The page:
Email and Productivity

I have read plenty of blog posts, books and articles that focus on email and how it really hampers productivity in the workplace. I doubt that there are many that would argue that they do not spent a bunch of their day inside of email. Do a quick study with your co-workers about how many emails they get a day? Or how much time they think they spend inside of email (throughout the day and night)? There have been plenty of studies that have happened over the years about those very questions. For me, I always seemed to feel comfortable with these statistics. The average corporate user spends two hours and 14 minutes per day on email. During that time each person is working through some 114 emails. You have to ask yourself. “is this a good use of their time?” I truly think not.

I used to do some different things to help me be more productive in the office (which I have carried over to my outside interests as well). Here are my tricks:

  •  Only be download email 3x per day! I would only connect to the email server 3x per day (9am, 1pm and 4pm). It was a way for me not to get distracted with the next “new, big or shiny” thing… This did not mean that I was not working with emails that I have already received, it just meant that I was not going to get any new ones.
  •  Block time for email. Within my calendar I would block regular time for doing email. It is easy to get started working within email and get completely lost on time. I actually had blocked a complete day for making sure that I completed my team’s performance appraisals. Made the mistake of taking on a few emails and at lunch time, I left the email world. That was a whole half of a day that I did not use for the intended use of my time. I ended up spending my evening from my family completely my tasks.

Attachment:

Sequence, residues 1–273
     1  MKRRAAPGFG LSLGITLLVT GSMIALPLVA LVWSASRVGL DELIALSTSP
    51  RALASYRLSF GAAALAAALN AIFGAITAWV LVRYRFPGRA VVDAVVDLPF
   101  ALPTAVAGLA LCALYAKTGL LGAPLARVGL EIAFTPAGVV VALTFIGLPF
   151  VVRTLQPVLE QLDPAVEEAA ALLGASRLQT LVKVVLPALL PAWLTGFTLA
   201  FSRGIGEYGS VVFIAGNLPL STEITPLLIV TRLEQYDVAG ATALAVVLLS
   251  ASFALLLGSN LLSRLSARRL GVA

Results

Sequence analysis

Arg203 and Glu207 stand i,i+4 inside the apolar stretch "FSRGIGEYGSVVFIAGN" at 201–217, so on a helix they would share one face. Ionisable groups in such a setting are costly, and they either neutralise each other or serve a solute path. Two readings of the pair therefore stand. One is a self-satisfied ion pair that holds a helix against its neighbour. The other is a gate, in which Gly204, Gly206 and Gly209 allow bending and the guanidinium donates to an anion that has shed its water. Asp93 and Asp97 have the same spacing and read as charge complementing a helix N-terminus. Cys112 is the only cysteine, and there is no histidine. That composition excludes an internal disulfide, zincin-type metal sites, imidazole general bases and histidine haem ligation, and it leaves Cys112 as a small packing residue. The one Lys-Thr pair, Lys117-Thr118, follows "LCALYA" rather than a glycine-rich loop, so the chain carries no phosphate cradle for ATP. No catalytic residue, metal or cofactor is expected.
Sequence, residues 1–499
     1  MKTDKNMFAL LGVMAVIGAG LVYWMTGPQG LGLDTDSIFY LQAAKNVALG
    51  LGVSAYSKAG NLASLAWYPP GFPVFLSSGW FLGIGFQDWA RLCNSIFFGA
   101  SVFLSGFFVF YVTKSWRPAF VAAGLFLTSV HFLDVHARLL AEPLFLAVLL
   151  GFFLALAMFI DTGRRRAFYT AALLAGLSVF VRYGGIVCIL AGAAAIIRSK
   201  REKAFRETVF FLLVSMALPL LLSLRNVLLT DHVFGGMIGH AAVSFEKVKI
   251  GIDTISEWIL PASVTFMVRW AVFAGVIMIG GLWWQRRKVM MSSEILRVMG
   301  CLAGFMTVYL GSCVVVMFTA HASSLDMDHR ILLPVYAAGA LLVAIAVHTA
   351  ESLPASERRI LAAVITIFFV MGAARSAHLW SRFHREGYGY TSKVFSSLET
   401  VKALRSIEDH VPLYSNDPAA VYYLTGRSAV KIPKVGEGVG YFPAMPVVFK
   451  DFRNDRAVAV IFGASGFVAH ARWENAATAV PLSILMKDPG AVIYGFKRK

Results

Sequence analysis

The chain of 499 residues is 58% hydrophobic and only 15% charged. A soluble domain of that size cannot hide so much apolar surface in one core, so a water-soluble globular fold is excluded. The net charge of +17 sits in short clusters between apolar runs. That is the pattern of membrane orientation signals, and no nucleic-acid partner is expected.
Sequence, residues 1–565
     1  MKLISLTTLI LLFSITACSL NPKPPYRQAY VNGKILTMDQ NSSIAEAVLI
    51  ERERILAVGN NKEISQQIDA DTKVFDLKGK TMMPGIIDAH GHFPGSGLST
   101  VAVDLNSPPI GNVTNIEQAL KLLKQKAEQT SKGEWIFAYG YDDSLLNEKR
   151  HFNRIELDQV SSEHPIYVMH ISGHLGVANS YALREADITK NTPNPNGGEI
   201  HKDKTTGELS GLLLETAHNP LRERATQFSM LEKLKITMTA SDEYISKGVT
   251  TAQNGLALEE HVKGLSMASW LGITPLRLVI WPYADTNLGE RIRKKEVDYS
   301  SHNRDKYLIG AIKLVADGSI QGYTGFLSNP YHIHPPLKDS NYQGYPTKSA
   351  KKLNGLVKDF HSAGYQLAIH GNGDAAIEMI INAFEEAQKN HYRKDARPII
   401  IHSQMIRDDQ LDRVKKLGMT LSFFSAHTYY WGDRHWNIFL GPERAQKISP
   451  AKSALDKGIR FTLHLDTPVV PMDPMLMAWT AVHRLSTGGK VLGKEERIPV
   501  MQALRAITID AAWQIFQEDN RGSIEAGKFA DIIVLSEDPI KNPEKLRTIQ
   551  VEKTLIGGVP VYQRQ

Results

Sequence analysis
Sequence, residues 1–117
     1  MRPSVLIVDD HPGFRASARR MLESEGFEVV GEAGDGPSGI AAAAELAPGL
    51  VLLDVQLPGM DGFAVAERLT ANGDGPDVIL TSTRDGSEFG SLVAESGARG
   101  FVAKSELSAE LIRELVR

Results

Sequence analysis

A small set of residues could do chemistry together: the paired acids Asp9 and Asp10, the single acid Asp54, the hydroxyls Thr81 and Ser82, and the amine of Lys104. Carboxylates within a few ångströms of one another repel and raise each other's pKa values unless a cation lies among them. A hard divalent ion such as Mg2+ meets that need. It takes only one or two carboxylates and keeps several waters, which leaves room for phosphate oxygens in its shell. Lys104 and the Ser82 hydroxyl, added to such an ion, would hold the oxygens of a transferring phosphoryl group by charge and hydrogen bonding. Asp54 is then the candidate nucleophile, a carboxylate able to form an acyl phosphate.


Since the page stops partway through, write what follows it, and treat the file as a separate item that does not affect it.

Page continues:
•  Communicate with your team about how to get a hold of you. Since I was not longer looking at my email inbox 100% of the time, my team was worried that they would not get ahold of me, when needed. I told them that we still had IM and the land line for emergencies. If I was not available that way, they could always call my cellphone. All I asked of them was to insure that “this” was needed instant communication. If they could answer that with a yes – then by all means IM or call.

I know that some folks are going to say that their work is really needed ASAP. That there is no way that they can leave their email inbox not connected to the server. To those folks, “it must be great to know that you are more important than everyone else in the world.” Emergencies do happen, we all know that. When was the last time that an emergency came in on email, that had to be acted on within seconds of the email being sent? Is email really the best mode of communication for emergencies? No way!

I am not a fan of email. I get that it has its importance! I worked in a culture that when the email server went down, the complete company wondered what to do with themselves. Email is a time sync and sometimes that time spent is wasted. Think about what you are trying to do with email. Is it the best tool for your mode of communicate?